Two days a week, Aimée goes to ring craft.
I usually sit at the side of the main hall, waiting for the coffee break, just watch and sketching.
It’s a world I had never seen before, and would never have had any exposure to, except that Poppy is rather fond of herself.
Aimée is extremely knowledgeable about dogs and plans to become a canine behaviourist. A great number of her friends are trainers, breeders, behaviourists, doggy day care, and other related professionals. Like attracts like, I suppose. Most of my friends are artists, with plans of world-domination.
Throughout my childhood, we always had a dog. They were all rescues, usually labrador-cross-maniac.
When Aimée moved in with me (something she did rather quickly and, really, without me noticing. She just asked me over to hers one day and then filled up my car with her stuff), she brought her labrador, Tara.
Tara is a brilliant dog. Of course, I was pleased to have Aimée move in, but it helped that she brought Tara.
My jack russell terrier, Doobie, was about three years old when Aimée and Tara moved in. It took a few days of jostling for the dogs to learn to get along. Now, they’re devoted to each other. The proof of this – they seek each other out when the little dogs try to play with them. Doobie tolerates the little ones quite well, being closer to their height he doesn’t have much choice but to put up with their cheerful instability.
Tara growls at them. Not being the right size to play, she displays her disappointment in them through a series of grumbles.
Aimée had always wanted a miniature dachshund. They’re everywhere at the moment, used in every advert, starring in soap operas, wearing hot-dog play suits in TV inserts. Aimée had wanted one since early childhood, but the breed happened to fall into fashion just when we got one. Just for myself, I am neither follower nor leader. I’m more bumbler.
Anyway, in a weak moment, somehow determining that two dogs were not enough, we went to see Poppy.
Poppy was a cute little thing, round-headed and bat-eared. In her sleep, she pushed her front paws together, and then drove them down the length of her chest. Like praying, and pushing the demons away.
Doobie does it too.
Maybe they’re trying to tell me something.
As a puppy, we took Poppy to a few obedience classes with Doobie. We stopped that when the trainer told me that Doobie’s hyperactivity and psychopathic distaste for other dogs was due to the fact that I was not confident enough with him. I would have taken that on the chin if it was deserved. Instead, I took him to the vet, who diagnosed a serious spinal problem.
“Timid”, my bulbous backside.
Thankfully, Poppy had aced every class. For general dog behaviour, she’s at professional standards. As she grew, it became very obvious that she was a beauty and the word ‘Crufts’ started coming up in general conversation.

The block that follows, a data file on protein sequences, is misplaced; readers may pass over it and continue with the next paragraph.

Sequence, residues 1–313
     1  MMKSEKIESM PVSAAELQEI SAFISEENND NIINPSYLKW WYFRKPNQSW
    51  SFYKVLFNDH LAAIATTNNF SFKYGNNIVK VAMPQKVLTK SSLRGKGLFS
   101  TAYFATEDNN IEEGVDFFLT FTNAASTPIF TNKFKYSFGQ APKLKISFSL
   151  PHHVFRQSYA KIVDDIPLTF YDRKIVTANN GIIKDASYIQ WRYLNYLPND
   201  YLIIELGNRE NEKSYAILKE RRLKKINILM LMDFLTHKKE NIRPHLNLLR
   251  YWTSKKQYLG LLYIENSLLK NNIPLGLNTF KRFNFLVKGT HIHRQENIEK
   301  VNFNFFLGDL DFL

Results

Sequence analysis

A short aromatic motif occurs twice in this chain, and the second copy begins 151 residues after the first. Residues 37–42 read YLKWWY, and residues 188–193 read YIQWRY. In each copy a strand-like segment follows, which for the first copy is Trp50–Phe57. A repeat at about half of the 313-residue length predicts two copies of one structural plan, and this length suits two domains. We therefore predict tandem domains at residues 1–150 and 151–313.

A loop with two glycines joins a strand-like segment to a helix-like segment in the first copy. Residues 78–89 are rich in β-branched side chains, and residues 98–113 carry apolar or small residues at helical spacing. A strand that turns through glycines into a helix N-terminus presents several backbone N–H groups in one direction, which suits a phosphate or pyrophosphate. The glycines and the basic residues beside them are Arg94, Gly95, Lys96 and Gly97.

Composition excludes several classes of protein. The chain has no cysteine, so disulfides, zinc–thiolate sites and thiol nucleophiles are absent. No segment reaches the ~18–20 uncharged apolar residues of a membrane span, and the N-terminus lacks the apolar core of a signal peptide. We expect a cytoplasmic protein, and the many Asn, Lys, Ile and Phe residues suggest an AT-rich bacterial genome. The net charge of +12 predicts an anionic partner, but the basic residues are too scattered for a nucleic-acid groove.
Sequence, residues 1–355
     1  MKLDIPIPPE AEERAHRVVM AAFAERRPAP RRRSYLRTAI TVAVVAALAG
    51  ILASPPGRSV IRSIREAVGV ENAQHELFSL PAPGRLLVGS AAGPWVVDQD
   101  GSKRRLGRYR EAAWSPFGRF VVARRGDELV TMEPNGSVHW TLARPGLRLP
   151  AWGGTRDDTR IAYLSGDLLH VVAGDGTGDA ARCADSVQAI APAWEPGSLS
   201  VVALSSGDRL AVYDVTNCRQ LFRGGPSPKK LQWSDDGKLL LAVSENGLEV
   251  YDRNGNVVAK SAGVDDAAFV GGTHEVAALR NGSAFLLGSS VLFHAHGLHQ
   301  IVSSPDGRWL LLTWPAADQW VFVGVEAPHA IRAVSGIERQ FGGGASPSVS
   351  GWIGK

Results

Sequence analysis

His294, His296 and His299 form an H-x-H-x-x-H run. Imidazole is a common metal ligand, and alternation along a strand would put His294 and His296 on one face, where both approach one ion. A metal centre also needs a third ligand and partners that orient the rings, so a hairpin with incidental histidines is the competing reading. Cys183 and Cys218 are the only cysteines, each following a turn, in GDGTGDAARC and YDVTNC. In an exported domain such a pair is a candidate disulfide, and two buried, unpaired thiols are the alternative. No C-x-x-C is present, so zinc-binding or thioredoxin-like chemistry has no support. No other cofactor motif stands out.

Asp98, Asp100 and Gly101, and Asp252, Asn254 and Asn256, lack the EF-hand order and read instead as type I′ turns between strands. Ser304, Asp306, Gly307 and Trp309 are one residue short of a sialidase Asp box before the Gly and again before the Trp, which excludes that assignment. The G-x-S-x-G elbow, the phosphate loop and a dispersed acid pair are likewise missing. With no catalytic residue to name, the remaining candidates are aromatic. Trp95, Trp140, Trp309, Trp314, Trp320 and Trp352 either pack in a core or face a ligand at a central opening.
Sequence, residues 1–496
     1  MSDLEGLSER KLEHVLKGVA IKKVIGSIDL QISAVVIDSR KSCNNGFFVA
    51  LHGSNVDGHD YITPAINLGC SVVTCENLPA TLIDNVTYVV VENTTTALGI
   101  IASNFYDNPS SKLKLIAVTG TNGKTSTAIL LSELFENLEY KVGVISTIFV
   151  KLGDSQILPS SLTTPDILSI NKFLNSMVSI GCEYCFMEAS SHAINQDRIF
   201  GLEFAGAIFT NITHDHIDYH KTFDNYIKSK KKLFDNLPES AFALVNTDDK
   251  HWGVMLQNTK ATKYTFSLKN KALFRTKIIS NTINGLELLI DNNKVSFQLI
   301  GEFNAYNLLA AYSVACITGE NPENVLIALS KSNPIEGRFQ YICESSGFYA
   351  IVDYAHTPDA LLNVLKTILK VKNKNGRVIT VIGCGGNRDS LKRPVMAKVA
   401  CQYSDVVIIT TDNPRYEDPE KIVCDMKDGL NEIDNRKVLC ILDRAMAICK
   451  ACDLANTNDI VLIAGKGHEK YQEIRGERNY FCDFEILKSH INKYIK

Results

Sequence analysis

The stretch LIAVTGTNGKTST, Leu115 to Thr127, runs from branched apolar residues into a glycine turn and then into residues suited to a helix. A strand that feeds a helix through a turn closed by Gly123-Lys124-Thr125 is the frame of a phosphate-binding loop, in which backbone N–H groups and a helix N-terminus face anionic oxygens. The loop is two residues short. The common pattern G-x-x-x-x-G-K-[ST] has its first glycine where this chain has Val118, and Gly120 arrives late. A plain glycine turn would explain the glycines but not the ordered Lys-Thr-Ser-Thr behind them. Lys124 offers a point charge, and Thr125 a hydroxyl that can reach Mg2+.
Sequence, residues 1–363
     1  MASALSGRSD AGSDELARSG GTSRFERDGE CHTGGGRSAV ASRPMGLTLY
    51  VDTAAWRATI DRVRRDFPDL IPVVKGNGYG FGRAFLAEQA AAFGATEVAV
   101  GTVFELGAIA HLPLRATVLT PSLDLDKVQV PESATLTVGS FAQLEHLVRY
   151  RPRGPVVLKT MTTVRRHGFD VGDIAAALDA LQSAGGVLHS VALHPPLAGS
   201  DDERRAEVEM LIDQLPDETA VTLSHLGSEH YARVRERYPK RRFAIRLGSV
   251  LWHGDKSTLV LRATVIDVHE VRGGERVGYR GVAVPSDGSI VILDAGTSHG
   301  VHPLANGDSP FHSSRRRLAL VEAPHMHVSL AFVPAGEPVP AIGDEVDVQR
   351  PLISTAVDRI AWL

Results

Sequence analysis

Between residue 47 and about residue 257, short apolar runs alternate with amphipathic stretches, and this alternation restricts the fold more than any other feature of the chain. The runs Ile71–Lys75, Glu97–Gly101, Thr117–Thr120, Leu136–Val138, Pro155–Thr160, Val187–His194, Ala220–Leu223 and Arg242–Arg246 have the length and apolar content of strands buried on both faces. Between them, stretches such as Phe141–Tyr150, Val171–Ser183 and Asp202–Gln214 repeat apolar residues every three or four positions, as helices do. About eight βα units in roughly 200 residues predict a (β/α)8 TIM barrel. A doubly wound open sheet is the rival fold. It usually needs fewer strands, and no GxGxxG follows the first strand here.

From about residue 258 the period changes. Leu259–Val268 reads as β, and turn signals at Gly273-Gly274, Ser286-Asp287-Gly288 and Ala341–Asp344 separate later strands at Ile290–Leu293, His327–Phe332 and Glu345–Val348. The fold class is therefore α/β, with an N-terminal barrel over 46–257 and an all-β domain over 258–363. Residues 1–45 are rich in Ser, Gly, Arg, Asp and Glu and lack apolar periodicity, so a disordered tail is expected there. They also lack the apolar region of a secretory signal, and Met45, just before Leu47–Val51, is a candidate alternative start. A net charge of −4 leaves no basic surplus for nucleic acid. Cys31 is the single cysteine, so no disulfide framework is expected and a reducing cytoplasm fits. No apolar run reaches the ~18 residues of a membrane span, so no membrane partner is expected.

That’s what Ringcraft is, you understand. It’s show-training. Like community level Crufts in various village halls, dotted around the countryside.
There are skills to be learned for showing a dog. I tend to sit to one side and sketch out ideas for novels but from what I’ve seen, ringcraft involves a lot of trust between dog and human. Yes, there’s learning to walk around in a triangle, walking up and down the hall and teaching the dog to stand on a table and be felt up by an examiner. There’s more to it than that.
The handler has to learn to walk in the best way to display the dog. The dog has to walk happily, with its head up. The dog has to be comfortable enough to stand on the table (or for larger breeds, away from the table) and submit to having their ears, eyes, teeth, feet, all looked at, and a general feel of body shape made, by someone they don’t know. Someone who may wear a lot of confusing aftershave. Or perhaps, not enough.
You could have a beautiful dog, an excellent example of its breed, but if it doesn’t enjoy showing, it’s not worth putting the dog through it.
Looking around the room, there’s every breed I’ve ever heard of, plus half a dozen others. People, carrying brushes in their pockets, neatening up a few errant hairs, chopped up treats of all descriptions carried with poo bags in hidden pockets.
The sweet smell of shiny people who’ve made an effort – mixed with the walking-fart of a large dog who’s not long had dinner. The constant opening and closing of the main door, as various dogs are brought in and out for a pee. The welcome click of the boiled kettle, announcing the imminent arrival of tea, coffee and a break.
A lot of them are breeders, some have over a dozen dogs. The devotion they have for their animals is quite something. It’s obvious, even from behind my notebook, that they delight in their dog’s enjoyment of seeing other dogs and being the focus of all attention in the room.
There’s a saying they have here. That no matter where your dog places, you always know you’re taking the best dog home.
I just plain like that.